IDEAS home Printed from
MyIDEAS: Log in (now much improved!) to save this article

Racial Hatred and Unmourned Loss

Listed author(s):
  • David Gadd


Registered author(s):

    This paper explores the way in which Freud's theory of melancholia is being used within sociological theory to explain racial hatred in Britain. The paper critically interrogates the work of Paul Gilroy before engaging with the works of Eric Fromm, Richard Sennett, as well as Freud and Klein's classic psychoanalytic formulations. Using two biographical case studies drawn from original empirical research on racial harassment perpetrators the paper argues that while racial hatred is often melancholic in nature, the losses at the heart of the racist's malaise tend to be only tangentially connected to empire and its crimes. More commonly, the losses that underpin hatred are irreducibly personal and class based, and hence multilayered, losses of love and security, for example, aggravating the pain of losses of respect and community, and vice versa. The paper concludes by drawing attention to the dangerously racialized kinds of imagined community losses of this kind tend to furnish, and the difficulties of providing recognition to those most afflicted by them.

    If you experience problems downloading a file, check if you have the proper application to view it first. In case of further problems read the IDEAS help page. Note that these files are not on the IDEAS site. Please be patient as the files may be large.

    File URL:
    Download Restriction: no

    Article provided by Sociological Research Online in its journal Sociological Research Online.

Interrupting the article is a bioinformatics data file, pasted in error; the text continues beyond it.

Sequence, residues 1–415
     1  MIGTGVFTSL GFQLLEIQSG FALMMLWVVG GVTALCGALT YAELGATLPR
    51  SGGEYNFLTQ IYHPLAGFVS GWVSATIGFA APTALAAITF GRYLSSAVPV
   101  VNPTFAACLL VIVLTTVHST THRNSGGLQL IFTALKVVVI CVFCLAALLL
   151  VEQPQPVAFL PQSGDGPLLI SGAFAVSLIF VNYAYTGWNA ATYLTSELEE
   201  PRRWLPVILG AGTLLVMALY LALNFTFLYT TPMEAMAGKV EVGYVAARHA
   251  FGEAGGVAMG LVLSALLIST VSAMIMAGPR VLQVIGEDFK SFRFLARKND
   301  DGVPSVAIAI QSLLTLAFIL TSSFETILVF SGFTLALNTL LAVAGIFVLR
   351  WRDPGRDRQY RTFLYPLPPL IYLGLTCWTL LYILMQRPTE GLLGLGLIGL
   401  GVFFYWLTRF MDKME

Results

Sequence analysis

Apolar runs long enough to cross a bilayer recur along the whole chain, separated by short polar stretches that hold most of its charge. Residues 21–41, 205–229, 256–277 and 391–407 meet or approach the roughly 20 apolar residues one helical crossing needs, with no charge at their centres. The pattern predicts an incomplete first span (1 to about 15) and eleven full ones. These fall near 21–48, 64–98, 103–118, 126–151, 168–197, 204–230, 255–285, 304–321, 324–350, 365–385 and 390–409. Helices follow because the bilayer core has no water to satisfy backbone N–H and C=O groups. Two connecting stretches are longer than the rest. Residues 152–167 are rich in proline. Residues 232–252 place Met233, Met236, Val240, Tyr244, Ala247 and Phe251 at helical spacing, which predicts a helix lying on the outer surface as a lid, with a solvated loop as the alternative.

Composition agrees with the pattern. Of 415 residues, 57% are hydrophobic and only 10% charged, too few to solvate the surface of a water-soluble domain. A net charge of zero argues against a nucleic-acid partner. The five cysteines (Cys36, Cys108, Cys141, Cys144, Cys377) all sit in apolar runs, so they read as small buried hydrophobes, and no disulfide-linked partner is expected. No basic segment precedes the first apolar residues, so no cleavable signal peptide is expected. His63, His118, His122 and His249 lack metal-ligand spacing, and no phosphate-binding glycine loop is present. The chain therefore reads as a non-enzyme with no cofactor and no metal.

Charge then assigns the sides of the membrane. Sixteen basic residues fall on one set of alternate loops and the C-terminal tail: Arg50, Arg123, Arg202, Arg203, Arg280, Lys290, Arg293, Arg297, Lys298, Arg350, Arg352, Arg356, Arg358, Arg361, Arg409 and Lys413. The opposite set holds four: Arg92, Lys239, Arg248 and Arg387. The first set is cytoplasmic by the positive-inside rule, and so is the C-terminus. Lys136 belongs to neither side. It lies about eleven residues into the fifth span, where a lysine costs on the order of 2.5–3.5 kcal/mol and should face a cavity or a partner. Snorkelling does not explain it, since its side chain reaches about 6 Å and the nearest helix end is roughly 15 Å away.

Volume (Year): 15 (2010)
    Issue (Month): 3 ()
    Pages: 1-9

    in new window

    Handle: RePEc:sro:srosro:2010-18-2
    Contact details of provider:

    No references listed on IDEAS
    You can help add them by filling out this form.

    This item is not listed on Wikipedia, on a reading list or among the top items on IDEAS.

    When requesting a correction, please mention this item's handle: RePEc:sro:srosro:2010-18-2. See general information about how to correct material in RePEc.

    For technical questions regarding this item, or to correct its authors, title, abstract, bibliographic or download information, contact: (Catherine Norris)

    If you have authored this item and are not yet registered with RePEc, we encourage you to do it here. This allows to link your profile to this item. It also allows you to accept potential citations to this item that we are uncertain about.

    If references are entirely missing, you can add them using this form.

    If the full references list an item that is present in RePEc, but the system did not link to it, you can help with this form.

    If you know of missing items citing this one, you can help us creating those links by adding the relevant references in the same way as above, for each refering item. If you are a registered author of this item, you may also want to check the "citations" tab in your profile, as there may be some citations waiting for confirmation.

    Please note that corrections may take a couple of weeks to filter through the various RePEc services.

    This information is provided to you by IDEAS at the Research Division of the Federal Reserve Bank of St. Louis using RePEc data.